Insider tip: MLS Reciprocity allows you to enter the two listings directly into your site's own listing database, whether they are your listings or not, so you can provide a link back into your own site, rather than the MLS. (If your site does not offer this powerful option, you might consider an upgrade.)
Speeding up the process. There are several ways to accelerate the lead generation and nurturing process. You can publish more content and promote it on LinkedIn more frequently. This will load more prospects into the funnel.
You can send out updates to your subscribers more often, with more great downloadable freemium items. If you want a bigger, better real estate business, build bigger and better content.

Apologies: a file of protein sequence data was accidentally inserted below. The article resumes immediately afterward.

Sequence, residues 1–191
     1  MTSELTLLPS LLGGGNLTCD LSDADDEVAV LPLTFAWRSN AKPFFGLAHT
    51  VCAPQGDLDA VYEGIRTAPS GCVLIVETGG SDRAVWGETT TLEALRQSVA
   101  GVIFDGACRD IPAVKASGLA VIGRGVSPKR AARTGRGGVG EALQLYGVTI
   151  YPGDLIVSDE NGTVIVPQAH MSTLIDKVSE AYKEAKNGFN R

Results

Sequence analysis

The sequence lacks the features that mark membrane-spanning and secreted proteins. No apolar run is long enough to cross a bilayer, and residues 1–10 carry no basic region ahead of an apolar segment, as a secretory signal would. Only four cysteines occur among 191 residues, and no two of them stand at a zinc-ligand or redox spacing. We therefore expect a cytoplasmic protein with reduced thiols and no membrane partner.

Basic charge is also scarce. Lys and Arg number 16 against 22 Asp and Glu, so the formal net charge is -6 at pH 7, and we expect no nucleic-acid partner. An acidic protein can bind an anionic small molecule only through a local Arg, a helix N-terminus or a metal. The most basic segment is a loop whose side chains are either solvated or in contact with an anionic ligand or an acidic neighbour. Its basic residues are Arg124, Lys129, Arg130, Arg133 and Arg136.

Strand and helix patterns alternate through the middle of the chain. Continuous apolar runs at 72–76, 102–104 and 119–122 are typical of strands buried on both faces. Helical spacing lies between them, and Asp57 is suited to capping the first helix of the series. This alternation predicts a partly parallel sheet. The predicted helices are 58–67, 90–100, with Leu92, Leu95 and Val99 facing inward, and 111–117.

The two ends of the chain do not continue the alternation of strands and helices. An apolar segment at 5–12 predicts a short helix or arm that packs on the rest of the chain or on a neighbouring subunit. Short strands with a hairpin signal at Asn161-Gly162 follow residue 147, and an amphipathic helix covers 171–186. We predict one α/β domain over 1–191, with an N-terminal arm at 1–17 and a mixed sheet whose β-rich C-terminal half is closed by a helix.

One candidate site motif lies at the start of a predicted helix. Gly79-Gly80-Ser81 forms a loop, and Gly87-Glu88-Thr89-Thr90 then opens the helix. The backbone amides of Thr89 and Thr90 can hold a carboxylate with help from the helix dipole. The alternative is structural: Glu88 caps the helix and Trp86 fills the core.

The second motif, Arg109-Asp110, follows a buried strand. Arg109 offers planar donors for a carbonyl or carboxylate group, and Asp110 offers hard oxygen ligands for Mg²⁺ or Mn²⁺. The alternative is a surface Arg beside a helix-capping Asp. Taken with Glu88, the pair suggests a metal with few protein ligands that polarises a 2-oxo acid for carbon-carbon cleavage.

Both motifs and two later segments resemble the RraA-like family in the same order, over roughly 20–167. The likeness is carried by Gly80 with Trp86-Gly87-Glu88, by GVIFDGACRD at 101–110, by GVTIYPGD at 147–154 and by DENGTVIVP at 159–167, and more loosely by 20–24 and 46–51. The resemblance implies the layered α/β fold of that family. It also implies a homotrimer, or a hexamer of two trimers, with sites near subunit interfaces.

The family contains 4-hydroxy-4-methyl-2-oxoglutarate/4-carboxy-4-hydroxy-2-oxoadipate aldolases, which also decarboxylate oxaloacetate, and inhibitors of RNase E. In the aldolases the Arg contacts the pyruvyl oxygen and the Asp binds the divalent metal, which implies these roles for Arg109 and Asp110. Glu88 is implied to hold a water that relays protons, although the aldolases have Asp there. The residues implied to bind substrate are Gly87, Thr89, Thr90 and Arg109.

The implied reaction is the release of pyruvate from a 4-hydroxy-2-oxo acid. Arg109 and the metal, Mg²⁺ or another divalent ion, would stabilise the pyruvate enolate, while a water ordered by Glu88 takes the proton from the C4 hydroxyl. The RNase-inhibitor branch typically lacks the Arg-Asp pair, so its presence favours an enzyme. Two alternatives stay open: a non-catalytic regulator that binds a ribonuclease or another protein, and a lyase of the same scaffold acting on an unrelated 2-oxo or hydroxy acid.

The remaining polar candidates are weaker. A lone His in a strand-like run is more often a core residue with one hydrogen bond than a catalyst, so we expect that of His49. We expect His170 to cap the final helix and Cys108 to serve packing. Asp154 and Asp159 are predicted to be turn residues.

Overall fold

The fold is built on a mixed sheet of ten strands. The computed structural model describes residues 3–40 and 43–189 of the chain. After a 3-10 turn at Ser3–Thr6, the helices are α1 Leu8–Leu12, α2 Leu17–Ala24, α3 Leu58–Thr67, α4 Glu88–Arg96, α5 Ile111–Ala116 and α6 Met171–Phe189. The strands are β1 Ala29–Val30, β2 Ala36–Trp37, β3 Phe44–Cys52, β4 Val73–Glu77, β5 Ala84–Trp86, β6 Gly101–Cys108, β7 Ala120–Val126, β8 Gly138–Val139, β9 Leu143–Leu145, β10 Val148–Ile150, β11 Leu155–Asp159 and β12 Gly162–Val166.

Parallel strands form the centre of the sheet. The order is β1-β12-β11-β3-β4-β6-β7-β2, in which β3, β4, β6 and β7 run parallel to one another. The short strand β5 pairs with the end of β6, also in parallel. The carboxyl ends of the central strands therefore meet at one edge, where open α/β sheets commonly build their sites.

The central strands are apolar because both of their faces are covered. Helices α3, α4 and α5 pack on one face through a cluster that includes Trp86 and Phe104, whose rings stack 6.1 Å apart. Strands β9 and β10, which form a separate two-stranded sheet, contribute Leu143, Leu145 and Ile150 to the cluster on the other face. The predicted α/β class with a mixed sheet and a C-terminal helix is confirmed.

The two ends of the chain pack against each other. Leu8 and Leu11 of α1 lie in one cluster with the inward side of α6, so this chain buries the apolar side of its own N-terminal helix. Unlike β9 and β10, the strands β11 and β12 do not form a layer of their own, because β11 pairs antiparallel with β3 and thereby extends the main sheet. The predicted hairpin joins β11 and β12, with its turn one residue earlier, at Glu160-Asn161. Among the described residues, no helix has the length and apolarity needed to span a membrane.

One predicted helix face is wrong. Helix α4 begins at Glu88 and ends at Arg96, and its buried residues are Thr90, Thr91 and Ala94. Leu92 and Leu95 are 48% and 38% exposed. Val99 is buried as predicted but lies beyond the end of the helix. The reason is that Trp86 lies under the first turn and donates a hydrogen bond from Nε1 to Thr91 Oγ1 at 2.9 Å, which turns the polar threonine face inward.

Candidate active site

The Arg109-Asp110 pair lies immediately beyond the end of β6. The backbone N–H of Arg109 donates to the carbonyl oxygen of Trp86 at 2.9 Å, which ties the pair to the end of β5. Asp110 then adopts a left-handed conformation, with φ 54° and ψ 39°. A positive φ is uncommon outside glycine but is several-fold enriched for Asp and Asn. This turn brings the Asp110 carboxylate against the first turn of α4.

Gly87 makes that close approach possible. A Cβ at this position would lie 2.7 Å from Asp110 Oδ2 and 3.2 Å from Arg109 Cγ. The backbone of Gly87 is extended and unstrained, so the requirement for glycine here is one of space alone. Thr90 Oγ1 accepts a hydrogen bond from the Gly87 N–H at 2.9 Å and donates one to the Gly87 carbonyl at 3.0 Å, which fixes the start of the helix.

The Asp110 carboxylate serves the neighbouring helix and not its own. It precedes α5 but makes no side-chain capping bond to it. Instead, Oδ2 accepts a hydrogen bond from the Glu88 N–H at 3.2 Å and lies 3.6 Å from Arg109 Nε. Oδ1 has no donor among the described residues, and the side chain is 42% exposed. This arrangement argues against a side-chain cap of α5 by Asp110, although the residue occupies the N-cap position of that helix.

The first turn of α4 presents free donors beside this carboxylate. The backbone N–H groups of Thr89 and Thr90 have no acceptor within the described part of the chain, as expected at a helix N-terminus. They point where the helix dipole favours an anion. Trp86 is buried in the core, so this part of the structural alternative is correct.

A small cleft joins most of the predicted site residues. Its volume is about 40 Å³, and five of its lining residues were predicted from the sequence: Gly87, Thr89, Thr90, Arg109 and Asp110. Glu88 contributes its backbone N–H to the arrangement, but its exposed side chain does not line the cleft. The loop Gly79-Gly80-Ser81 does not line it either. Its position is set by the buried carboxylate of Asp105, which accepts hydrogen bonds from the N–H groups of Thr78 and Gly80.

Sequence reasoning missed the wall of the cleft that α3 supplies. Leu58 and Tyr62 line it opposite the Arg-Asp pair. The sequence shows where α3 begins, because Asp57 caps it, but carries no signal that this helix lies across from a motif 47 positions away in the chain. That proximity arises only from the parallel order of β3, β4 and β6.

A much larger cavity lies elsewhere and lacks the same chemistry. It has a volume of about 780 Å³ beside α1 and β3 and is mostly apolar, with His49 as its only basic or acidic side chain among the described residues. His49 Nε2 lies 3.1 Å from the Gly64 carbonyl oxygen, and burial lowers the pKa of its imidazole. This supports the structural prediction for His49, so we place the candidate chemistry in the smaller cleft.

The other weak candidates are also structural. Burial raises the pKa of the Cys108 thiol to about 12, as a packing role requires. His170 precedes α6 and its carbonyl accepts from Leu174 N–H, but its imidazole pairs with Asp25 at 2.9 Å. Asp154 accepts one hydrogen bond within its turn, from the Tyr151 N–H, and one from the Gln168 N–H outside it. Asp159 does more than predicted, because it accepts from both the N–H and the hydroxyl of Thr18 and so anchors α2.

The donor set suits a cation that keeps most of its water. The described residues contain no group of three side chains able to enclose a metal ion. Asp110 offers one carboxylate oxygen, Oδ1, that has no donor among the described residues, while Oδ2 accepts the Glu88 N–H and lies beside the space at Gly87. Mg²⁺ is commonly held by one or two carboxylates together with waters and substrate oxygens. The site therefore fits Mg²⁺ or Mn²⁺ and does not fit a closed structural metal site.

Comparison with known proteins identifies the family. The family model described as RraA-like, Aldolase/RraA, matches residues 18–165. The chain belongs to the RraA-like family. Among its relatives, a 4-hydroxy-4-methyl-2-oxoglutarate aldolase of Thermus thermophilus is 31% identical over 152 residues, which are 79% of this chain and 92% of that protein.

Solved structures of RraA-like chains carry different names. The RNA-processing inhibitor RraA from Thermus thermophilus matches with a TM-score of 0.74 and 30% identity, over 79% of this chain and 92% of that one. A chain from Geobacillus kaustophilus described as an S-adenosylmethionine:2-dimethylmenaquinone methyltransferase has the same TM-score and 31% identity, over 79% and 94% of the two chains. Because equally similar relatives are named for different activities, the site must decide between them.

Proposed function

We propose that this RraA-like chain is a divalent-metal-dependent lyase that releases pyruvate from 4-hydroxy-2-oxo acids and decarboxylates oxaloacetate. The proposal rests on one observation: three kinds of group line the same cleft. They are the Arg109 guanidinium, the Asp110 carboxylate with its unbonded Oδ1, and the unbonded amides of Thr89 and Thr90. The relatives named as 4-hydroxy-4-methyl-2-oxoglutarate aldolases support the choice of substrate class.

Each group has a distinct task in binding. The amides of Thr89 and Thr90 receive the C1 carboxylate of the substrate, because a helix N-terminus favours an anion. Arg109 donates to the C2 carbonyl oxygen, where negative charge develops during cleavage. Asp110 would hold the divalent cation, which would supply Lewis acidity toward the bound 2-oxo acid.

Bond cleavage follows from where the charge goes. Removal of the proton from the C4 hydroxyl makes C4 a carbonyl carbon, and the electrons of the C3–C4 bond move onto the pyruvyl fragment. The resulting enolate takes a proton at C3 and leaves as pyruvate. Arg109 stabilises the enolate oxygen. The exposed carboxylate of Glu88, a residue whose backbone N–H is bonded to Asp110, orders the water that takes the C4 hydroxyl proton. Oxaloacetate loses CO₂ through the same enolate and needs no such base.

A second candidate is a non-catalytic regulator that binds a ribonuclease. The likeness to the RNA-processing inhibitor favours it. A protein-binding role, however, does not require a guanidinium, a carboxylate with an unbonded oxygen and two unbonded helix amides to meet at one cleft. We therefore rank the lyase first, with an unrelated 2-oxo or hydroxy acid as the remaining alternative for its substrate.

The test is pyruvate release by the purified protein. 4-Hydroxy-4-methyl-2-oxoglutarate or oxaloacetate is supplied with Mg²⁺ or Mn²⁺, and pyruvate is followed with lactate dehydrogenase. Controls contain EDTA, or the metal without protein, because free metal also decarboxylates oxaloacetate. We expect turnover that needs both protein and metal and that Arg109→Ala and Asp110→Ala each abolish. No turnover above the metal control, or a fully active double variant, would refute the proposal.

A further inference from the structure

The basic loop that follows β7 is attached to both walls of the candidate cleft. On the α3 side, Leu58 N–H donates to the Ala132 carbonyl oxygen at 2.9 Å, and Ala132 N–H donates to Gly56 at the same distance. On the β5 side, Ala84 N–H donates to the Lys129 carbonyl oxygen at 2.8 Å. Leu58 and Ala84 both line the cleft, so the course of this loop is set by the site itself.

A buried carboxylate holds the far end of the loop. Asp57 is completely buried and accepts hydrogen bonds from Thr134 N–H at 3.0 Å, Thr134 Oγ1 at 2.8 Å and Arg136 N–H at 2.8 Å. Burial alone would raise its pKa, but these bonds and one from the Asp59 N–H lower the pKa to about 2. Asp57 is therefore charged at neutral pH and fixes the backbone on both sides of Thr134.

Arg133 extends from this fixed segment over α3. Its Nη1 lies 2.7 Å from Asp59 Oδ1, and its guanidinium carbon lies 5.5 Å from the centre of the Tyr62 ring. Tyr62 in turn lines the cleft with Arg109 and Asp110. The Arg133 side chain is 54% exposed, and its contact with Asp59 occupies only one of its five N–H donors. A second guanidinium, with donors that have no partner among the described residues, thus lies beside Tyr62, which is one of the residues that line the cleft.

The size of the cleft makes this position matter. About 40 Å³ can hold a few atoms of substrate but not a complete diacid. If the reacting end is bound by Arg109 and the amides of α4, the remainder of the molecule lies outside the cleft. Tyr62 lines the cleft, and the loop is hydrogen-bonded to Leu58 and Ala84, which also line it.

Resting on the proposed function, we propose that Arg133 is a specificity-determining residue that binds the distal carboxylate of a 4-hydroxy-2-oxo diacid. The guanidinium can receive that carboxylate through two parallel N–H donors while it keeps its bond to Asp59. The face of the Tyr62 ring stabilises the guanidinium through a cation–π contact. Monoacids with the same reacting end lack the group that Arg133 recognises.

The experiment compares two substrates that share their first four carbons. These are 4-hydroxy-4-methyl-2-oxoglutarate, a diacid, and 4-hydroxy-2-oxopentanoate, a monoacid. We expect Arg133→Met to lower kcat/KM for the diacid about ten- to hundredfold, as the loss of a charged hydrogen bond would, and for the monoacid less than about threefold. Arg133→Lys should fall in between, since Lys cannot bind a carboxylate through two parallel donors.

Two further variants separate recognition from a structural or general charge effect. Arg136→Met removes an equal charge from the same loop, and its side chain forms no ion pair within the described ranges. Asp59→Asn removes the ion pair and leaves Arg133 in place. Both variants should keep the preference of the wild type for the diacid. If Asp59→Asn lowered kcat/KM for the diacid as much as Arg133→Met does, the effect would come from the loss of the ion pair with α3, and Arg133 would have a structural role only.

And you can interact with your visitors sooner by encouraging them to comment on your posts. Again, no selling when you reply to comments, but this is a great place to recommend they download the ebook that best applies to their comment. You may also consider adding a live chat feature, offering to answer any questions your readers may have.
Lead nurturing is a marathon, not a sprint. Many agents have a churn 'em and burn 'em old school “numbers game” mindset. Don't be so ready to toss a good lead in the bin. If your prospect has downloaded several informative ebooks, and filled in additional fields of information, there's genuine interest there. They may not want to look at homes or list theirs today, but they're reading your content for a reason.